All signs point to an election
The messages coming from the men in uniform and those who helped them seize power are all positive. It makes democracy lovers such as myself feel a little more secure that after failing to deliver its promises for the past few years, the military government could hold an election in November 2018.
Given the fact that elections are usually held on Sundays and assuming that the government plans to hold on to power until the last day it can, the last day to hold elections would be Nov 25, which would mean that the country would be back to a democratic system 343 days from today.
The assurance of a return of democracy has come from all sides over the past week and more weight has been added after the European Union decided to loosen its policy in dealing with Thailand.
However, a loosening of the laws to help political parties function is still far from being realised even though a deadline for parties to complete mandatory processes is in less than 20 days.
The organic law requires all parties to complete processes, such as notifications of changes of party members to the registrar, within 90 days of the law coming into effect on Oct 8, 2017. The deadline will be on Jan 5, 2018.
The military government has said that it may use the all-powerful Section 44 to amend the law on political parties to address the issue if the deadline is not met.
Prime Minister Prayut Chan-o-cha this past week insisted that the military regime would gradually ease its ban on political parties and that politicians would have enough time to prepare for the polls.
But before the move could be made, he said, the priority was to insure there was room for smaller parties to participate and opportunity given to newly formed parties that would likely participate in the elections. At the same time, larger parties have been asking for more time to sort their issues out.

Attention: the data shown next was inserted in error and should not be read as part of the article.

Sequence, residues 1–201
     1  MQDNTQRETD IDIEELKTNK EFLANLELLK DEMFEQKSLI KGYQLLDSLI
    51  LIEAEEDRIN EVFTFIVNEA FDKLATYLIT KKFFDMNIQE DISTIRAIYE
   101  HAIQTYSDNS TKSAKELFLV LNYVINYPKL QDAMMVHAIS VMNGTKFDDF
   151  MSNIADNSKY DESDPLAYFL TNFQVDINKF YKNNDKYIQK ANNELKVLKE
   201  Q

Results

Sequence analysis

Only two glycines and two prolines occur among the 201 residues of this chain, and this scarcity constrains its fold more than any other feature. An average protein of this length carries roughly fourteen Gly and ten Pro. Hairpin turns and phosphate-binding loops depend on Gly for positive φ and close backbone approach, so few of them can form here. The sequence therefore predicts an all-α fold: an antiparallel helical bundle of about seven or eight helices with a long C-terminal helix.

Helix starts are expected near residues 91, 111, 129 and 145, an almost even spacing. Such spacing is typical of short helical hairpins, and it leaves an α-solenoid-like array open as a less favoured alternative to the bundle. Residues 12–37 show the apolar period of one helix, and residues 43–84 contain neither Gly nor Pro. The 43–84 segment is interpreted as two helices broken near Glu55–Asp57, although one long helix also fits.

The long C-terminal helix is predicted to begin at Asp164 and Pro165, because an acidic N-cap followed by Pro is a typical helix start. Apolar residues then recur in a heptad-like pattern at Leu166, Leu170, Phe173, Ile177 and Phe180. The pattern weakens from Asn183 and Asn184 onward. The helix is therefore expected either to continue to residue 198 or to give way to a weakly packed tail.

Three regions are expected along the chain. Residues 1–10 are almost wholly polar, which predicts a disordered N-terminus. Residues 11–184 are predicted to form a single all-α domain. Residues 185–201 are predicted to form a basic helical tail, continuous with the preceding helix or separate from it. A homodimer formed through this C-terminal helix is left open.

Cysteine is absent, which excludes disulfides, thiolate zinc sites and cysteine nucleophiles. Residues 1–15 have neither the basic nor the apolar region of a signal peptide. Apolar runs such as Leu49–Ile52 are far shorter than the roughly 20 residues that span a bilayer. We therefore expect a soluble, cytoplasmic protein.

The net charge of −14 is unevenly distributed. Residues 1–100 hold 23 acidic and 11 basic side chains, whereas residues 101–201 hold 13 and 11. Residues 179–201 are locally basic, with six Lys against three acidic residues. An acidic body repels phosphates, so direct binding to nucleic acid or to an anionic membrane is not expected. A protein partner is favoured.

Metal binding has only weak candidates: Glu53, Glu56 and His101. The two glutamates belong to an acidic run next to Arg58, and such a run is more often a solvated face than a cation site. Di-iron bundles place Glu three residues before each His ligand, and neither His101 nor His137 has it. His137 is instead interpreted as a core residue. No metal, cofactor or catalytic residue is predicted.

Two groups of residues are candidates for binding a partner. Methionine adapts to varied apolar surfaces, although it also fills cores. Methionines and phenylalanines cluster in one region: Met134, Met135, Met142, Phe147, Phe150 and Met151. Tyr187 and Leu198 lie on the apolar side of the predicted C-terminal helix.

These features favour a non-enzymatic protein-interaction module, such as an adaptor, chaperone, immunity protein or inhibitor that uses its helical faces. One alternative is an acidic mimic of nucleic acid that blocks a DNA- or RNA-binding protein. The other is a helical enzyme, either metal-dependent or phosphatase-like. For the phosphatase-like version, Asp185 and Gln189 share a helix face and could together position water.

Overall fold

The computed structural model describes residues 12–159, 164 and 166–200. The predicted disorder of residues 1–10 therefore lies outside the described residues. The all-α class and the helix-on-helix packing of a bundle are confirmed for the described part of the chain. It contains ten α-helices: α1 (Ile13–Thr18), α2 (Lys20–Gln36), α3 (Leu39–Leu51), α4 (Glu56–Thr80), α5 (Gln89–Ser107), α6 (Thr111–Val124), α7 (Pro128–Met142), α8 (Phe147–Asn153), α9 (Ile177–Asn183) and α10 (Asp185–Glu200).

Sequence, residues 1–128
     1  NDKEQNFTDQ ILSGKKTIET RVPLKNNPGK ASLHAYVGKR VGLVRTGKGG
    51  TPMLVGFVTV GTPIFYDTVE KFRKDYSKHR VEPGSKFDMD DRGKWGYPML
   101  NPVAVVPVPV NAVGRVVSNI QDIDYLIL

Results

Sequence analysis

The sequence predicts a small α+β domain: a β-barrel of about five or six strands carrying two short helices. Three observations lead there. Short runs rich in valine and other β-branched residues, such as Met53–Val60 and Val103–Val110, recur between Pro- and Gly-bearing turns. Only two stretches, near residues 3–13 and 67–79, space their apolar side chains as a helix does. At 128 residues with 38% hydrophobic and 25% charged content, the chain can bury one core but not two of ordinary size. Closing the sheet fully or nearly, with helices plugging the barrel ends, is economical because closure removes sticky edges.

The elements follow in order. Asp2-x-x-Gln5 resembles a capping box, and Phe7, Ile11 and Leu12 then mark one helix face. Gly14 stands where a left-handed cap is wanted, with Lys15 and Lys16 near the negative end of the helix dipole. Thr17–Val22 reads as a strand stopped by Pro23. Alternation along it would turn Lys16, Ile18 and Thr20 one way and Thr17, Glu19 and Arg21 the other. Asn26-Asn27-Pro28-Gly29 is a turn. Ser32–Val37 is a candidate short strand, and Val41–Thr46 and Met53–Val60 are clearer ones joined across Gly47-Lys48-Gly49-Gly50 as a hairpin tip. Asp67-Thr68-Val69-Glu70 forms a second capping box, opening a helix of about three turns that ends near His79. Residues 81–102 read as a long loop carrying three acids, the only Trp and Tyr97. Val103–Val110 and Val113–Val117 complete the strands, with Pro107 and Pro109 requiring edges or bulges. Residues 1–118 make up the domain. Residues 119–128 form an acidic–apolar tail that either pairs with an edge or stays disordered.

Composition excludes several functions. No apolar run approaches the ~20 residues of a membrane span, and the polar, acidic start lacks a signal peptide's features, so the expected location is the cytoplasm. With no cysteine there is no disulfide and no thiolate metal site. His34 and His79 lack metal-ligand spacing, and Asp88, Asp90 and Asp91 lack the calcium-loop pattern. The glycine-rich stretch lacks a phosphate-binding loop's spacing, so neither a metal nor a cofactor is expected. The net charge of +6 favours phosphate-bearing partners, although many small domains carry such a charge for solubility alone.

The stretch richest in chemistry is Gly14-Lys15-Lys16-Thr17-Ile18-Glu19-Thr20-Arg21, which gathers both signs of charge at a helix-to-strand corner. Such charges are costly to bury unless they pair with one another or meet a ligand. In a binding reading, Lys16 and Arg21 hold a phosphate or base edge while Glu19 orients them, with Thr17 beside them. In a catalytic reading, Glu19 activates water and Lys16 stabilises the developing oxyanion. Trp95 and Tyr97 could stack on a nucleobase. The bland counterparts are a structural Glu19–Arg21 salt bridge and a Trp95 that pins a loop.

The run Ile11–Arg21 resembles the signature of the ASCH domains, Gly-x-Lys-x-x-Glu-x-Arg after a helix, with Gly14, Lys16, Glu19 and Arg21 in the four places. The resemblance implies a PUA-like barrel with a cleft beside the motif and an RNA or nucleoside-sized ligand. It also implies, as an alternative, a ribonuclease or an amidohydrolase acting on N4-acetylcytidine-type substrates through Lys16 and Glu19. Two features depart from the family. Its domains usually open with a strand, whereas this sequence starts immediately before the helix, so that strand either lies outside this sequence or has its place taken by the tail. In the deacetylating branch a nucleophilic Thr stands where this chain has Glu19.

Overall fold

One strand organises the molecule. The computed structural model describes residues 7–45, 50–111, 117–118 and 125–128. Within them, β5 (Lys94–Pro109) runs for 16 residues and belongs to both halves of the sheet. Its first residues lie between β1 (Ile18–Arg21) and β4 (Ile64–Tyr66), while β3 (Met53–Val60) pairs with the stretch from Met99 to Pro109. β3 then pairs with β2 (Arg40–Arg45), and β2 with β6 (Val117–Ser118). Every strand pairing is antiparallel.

Gen Prayut has hinted that he would allow people to apply for party membership and make donations, and these words echoed those of Suthep Thaugsuban, former leader of the defunct People's Democratic Reform Council (PDRC).
Mr Suthep, who led the PDRC protest movement in 2013-14, has suddenly started to make his mark on the political front by coming out to make statements, indicating that he may soon want to join the political fray. He has called on a fair political playing field for all.
The fact that Gen Prayut is looking to make amendments is positive as it would help new players to come in when an election is held and would offer the public more choice than just the handful of parties that we are accustomed to.
While all these issues were being discussed, there was speculation that the National Legislative Assembly (NLA) has been instructed to derail some of the organic laws so as to delay the election.
But these rumours seem to be just rumours for now. This was confirmed by the likes of Deputy Prime Minister Wissanu Krea-ngam, who said that claims that the regime was giving signals to make changes to organic laws to prolong its grip on power were baseless.
Mr Wissanu insisted that the constitution stipulates a time frame leading to the election tentatively set for November next year and that compliance with the constitution is mandatory, adding that any amendments to the charter to postpone procedures relating to the general election are nearly impossible.
Ever since the coup of 2014, these men in uniform that seized power have promised elections in 2015, 2016 and then 2017 before finally settling on November 2018. The promise of 2018 polls has been made at various meetings and forums and it is our only hope that this time the promise is kept.
It is also in the best interest of the military to start to give up its hold as an anti-incumbency factor has already started to emerge in the country, while at the same time the likes of the Gen Anupong Paochinda and Gen Prawit Wongsuwon, whom Gen Prayut considers as "brothers", have shot themselves in the foot many times -- Gen Anupong with his various scandals involving procurement of military and police equipment and Gen Prawit with his expensive watches and other controversies.
With just 342 days remaining before the possible election day, the regime should start to realise that the longer they stay in power, they only stand to lose the goodwill that they have managed to build over the past few years.
Umesh Pandey is Bangkok Post editor.
Bangkok Post Editor
Umesh Pandey is Editor, Bangkok Post.